One of the Most Beloved Foundational Crops in Any Garden is the Onion
Most of us use them in hundreds of dishes throughout the year, and widely consider them a kitchen staple. As spring approaches and we begin to dream about our gardens, most of us don’t really consider the onion a daydream-worthy crop.
Planting onions may seem almost secondary in thought, but the reality is, there is a lot to be considered in order to have a bumper crop of this centuries-old mainstay.
Ensuring Onion Growing Success
Learning how to grow onions successfully depends on a number of factors, actually. Taking into consideration your planting region, average climate, garden placement (are you planting in containers, raised beds or open fields), and certainly varietals, are all part of the process. Depending on your planting region, onions will thrive at different points in the year.
If you are unsure which zone you are in, consult a hardiness zone map to find your planting zone.
Planting onions in colder regions (typically zones 1 -5) should occur as soon as the ground is able to be worked up. During a normal year, this is often late April to mid-May. Bear in mind, as gardeners, we are subject to the whims and fancies of Mother Nature. Some years you may have an early thaw. While onions are hardy and will survive a secondary freeze, it is always better to proceed with caution and exercise patience. If you live in a warmer region (zones 6-13) onions are able to effectively be planted year-round, however, extreme heat can compromise an onion crop.
Onion Seeds vs. Onion Sets
While considering how to plant onions, your first decision will likely be whether to start with seeds or sets. Onion sets can be planted without having to worry about frost damage. As a frost-hardy plant, onion sets have a much higher success rate than starting with seeds. The exception to this would be starting your onion seeds indoors.
How To Grow Onions from Seeds
If you have the space and desire, starting onions from seeds indoors is not difficult, it simply adds an average of two months to your planting process. Starting with an indoor container approximately 4 to 6 inches deep (your width and length will depend on the amount of seeds you would like to start), fill the container almost entirely to the top with a quality organic seed starter soil. Sow the seeds ¼ inch deep in even rows and cover lightly. Keep the soil moist and warm, and within a couple of weeks, you should begin to see green shoots emerge.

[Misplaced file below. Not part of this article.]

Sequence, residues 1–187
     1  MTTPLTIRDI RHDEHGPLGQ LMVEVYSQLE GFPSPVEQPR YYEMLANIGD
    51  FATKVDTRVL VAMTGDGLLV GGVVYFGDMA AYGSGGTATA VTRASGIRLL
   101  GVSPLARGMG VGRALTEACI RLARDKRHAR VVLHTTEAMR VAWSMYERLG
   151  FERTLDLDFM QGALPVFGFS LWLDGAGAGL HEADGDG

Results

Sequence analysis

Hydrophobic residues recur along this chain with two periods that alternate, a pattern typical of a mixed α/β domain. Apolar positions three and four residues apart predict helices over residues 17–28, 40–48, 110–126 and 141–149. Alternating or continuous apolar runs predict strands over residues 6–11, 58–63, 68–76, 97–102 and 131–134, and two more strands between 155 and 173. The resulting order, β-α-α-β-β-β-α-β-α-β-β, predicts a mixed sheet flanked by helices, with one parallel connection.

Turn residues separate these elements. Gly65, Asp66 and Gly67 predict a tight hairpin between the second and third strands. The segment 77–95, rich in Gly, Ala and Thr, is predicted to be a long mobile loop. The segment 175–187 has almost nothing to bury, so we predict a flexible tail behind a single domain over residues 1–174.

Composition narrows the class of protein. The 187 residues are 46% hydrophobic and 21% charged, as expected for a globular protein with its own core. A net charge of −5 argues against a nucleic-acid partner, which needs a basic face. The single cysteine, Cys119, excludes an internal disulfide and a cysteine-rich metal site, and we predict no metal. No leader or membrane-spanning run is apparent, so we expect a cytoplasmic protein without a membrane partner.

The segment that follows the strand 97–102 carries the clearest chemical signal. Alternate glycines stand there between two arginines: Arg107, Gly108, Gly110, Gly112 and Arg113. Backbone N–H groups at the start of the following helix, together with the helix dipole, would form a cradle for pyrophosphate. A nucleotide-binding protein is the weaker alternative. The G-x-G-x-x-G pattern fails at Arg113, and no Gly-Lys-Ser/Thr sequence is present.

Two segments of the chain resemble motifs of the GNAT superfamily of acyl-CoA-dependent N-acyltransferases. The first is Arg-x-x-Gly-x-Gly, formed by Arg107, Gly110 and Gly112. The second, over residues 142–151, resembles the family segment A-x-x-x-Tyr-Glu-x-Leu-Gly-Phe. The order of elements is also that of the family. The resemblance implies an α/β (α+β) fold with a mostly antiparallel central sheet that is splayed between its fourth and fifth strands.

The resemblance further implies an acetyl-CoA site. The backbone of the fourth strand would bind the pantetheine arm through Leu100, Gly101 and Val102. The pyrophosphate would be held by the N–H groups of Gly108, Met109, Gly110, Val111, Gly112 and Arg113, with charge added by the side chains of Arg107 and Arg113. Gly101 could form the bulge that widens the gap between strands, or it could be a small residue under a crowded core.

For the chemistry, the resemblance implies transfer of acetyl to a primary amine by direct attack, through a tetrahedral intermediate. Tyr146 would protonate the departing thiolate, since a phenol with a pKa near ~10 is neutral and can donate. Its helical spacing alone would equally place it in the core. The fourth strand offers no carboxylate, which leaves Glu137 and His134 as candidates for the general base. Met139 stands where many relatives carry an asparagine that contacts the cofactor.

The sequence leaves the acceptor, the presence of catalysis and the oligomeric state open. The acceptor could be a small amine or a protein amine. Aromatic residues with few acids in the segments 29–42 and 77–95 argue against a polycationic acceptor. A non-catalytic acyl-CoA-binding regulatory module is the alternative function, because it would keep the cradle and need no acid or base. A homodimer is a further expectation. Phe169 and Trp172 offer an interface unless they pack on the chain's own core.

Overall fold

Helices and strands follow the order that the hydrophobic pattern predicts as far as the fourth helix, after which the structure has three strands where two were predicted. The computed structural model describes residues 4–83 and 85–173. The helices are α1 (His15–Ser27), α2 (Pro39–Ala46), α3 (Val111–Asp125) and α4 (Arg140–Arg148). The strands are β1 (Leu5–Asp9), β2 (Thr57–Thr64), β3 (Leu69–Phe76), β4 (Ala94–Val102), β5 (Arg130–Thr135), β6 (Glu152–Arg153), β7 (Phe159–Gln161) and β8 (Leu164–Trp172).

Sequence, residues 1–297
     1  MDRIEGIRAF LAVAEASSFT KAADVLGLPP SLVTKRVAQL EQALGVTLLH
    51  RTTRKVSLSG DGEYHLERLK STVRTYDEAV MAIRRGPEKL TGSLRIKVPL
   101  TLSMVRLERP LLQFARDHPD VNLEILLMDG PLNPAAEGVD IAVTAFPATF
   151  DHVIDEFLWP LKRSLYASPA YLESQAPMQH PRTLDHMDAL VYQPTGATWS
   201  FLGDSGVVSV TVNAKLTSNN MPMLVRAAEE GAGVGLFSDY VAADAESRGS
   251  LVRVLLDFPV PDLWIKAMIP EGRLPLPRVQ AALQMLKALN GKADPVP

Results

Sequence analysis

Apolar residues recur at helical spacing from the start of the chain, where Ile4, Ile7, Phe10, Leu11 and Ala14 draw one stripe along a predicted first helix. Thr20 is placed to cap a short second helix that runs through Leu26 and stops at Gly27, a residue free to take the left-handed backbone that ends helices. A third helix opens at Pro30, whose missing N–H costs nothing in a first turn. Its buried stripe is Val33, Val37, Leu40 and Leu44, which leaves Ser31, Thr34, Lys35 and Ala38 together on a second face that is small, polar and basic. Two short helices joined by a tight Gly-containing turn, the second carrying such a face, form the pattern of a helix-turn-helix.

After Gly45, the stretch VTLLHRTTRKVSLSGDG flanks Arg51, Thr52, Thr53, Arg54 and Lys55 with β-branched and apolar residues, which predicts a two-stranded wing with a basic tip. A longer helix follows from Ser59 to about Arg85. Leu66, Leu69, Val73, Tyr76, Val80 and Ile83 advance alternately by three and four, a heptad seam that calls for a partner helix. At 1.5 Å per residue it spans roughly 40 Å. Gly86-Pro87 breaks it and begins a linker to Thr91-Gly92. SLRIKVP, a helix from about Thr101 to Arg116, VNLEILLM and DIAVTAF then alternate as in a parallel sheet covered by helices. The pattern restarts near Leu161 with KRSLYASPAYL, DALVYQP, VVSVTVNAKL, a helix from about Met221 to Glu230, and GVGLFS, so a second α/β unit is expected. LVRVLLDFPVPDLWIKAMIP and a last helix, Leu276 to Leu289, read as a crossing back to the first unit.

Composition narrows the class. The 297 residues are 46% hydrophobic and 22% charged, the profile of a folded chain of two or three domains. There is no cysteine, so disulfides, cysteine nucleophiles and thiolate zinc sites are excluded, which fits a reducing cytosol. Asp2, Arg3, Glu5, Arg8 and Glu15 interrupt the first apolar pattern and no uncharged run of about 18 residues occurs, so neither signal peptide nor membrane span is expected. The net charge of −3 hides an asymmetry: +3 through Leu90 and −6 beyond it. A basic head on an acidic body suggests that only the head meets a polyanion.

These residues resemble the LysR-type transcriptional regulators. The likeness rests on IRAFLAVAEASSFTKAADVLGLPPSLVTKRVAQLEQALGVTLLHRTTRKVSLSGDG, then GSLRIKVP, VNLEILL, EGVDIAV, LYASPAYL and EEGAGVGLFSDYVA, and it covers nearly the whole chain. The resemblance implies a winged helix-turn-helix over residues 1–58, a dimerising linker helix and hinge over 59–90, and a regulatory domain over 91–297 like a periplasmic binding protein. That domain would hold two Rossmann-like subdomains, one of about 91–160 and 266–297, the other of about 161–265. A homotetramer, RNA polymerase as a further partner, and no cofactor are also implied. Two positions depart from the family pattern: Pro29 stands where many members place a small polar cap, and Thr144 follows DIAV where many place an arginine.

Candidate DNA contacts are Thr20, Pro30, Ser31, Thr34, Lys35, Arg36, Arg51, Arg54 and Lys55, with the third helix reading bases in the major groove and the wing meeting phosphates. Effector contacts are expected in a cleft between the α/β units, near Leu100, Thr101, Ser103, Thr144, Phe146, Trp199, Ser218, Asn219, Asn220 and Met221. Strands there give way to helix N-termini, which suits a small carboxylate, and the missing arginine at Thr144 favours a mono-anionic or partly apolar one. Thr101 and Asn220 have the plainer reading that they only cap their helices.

There are two schools of thought on the starter greens. Some people clip the greens in order to manage plant size, others argue this is an unnecessary step. The number one rule of gardening is that experimentation will yield different results for every individual gardener. A particular step that may work well for you, may not work at all for another.
Ultimately, clipping the greens will not kill off your starter seeds, so if it is a step you feel is necessary, go for it. If you feel it isn’t necessary or don’t have the time, that is perfectly okay as well.
Within 6 weeks, your indoor plants will be ready for transplanting outdoors.
Transplanting Seedlings Outdoors
To transplant your seedlings, group them in bunches of 3 or 4 and place them in fertile, well drained soil 4-5 inches apart, leaving greens above the dirt. Contrary to transplanting seedlings, planting onion sets is a more simple process.
Planting Onion Sets